König almost certainly would have been directed by Genzsch to look at successful old-style romans that were on sale already in Germany. The most famous of these was a series of somewhat spindly old-style fonts Genzsch & Heyse imported from Miller & Richard in 1868, but they might have looked at Johann Christian Bauer’s Neue Kirchenschrift, from earlier in the 1860s.

    According to G. W. Ovink, Genzsch & Heysea cquired matrices of “‘Romain Ancien’, cut by the Aubert frères and by Huchot” for Deberny in Paris. But I would have to check where that happened in relation to Römische Antiqua’s timeline (I mean, I can’t recall at the moment if Genzsch & Heyse imported this before making Römische Antiqua, or afterwards). Genzsch & Heyse expanded the Romain Ancien in-house, too, adding 14, 20, 24 and 32pt sizes.
  • Oh, @Dan Reynolds, thank you very much! These considerations, supported by your research background, are very interesting.
    So it is documented that the lowercase of Römische Antiqua were drawn by Heinz König?
  • Oh, @Claudio Piccinini, yes! It is documented that the lowercase letters of Römische Antiqua were drawn by Heinz König. I don’t recall of the top of my head when Genzsch & Heyse first began to publish the attribution, but they probably were doing this regularly by the publications about their company’s history that they were printing between 1903 and 1908 (after König had already become a ‘successful’ type designer for other foundries).
  • Oh, @Claudio Piccinini, yes! It is documented that the lowercase letters of Römische Antiqua were drawn by Heinz König. I don’t recall of the top of my head when Genzsch & Heyse first began to publish the attribution, but they probably were doing this regularly by the publications about their company’s history that they were printing between 1903 and 1908 (after König had already become a ‘successful’ type designer for other foundries).
    I am in awe for the research you are doing. As I progress in my De Vinne digital version(s) and search maybe I will get in touch. Should you need anything on the italian front, just contact me & I’ll see what I can do. :)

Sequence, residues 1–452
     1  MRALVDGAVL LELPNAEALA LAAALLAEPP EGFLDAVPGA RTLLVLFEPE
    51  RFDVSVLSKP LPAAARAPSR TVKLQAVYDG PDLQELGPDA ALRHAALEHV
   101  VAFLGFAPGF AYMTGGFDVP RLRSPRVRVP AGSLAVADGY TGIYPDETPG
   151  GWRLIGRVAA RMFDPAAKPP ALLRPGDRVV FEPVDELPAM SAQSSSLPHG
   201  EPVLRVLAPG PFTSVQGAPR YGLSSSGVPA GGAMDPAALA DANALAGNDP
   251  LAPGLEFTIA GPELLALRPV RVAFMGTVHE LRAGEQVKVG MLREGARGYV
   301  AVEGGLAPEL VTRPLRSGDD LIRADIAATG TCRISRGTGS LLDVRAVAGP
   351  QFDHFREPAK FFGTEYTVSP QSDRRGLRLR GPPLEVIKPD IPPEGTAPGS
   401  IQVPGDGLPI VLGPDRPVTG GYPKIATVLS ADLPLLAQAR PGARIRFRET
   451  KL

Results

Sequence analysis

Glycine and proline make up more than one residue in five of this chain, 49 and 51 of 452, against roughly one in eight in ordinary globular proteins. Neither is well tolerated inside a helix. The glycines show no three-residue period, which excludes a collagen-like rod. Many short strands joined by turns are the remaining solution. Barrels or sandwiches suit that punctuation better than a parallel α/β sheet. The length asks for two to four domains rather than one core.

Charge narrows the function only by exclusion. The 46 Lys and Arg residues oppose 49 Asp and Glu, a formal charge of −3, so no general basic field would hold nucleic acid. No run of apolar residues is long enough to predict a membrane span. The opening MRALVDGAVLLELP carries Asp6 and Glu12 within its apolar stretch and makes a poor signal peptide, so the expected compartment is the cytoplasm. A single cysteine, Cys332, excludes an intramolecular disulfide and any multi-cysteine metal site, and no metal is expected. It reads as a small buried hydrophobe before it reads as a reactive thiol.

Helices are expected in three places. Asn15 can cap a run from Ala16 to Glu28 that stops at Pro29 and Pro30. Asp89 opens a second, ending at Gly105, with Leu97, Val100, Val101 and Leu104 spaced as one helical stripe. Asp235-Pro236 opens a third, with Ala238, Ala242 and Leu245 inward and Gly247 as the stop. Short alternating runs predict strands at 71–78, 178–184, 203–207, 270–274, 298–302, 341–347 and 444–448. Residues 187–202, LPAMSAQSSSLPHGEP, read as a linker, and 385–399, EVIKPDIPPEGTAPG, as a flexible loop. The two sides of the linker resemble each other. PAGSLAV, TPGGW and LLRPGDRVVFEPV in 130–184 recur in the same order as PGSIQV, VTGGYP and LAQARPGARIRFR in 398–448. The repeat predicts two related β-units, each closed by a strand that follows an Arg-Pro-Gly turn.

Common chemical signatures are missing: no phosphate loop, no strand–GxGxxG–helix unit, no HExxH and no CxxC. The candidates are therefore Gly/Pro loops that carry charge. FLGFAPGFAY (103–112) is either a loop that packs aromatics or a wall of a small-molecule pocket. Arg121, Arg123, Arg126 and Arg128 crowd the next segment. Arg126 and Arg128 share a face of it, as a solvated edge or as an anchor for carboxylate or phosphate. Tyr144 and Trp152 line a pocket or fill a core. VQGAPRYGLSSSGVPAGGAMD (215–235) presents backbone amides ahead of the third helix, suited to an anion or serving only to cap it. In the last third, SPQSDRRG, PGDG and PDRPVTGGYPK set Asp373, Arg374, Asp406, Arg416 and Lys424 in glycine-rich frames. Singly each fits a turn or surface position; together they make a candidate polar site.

• Claudio PiccininiClaudio Piccinini Posts: 605
    edited January 19
    Reflecting on De Vinne’s design goals at the time (late 1890s — early 1900s):

    — Emphasis in text through width masters (Regular, Condensed, Extra Condensed): This is an interesting concept, as it’s hardly used nowadays, not only in advertising or commercial graphics, but even more so in books.

    — Being “a useful substitute for title type. Selected for emphatic words or phrases in paragraphs of old style that call for more distinction than that of italic or small capitals but not for bold display”: a further exploration in the above quality, which explains the use of the inconsistencies in the design, while keeping it more or less adherent to the model of “elzevirs” or “neo-roman” types, which discarded the uniformity of more modern serif designs in the lineage of Didot and Bodoni (e.g. Century was one of the favorite designs of Theodore De Vinne, and it incorporated elements to increase distinction compared to the excessive homogeneity and “vertical quality” of the didone and bodonian types). 
  • I am designing numerals across the versions of De Vinne, and I have found that the percent sign I showed previously was actually part of the lead font. This can be seen in this ATF showing which also shows fractions and a /¢.
    But as far as fractions go, I am undecided to which degree I should be “philological”: these designs seem to have this “overlapping” quality in order to fit the same width, but they get quite cramped in small sizes, and honestly I think they would look a lot better with proportional width. What do you think?